Bangka Strait, Indonesia
Bangka Strait separates the Indonesian islands of Bangka and Sumatra. The strait was formed 10,000 years ago when global sea levels rose.
Although they are part of the same continental landmass, Bangka and Sumatra don’t share the same geology; while Sumatra is mostly volcanic in origin, Bangka is not.
Bangka Island produces 90% of all Indonesia’s tin, while the country is the world’s second-largest tin exporting nation after China.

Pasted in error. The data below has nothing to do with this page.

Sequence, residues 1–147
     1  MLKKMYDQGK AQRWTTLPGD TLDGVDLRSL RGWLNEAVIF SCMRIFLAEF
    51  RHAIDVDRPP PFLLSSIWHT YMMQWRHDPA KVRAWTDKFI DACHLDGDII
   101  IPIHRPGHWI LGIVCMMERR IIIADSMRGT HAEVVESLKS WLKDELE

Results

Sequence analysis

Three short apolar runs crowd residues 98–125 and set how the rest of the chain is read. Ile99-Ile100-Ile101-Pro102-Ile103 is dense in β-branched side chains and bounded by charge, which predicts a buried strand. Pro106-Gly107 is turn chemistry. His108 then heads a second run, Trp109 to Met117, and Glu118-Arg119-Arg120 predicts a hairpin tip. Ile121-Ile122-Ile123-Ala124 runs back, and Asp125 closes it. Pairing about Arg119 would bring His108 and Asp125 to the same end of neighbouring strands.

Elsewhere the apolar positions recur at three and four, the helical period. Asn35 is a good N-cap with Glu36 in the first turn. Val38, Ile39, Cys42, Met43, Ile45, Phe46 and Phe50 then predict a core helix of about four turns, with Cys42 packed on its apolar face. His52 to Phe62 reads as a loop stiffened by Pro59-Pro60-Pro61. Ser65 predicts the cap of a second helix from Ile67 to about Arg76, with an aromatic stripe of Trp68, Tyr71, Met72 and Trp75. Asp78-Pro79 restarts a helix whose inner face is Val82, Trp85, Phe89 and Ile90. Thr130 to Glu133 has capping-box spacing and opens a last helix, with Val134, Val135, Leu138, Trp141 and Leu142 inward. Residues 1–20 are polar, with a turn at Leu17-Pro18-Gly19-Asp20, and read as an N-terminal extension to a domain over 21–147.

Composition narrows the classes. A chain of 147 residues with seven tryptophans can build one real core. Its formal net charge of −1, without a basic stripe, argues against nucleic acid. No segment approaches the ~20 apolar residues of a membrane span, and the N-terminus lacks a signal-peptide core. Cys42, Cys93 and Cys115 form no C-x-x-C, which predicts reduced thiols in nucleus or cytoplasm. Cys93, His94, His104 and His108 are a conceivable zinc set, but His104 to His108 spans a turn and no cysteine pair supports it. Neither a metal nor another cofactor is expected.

Today, tin is used as solder for circuit boards, transistors and resistors in consumer electronics such as smartphones, tablets and laptops.
For more than 2,000 years, the Bangka Strait has been part of an important shipping route that connected Java with Sumatra and Malaysia.
A Dutch treasure ship is thought to lie beneath the waves of the Bangka Strait, thought to be carrying a vast cargo of silver coins and ingots.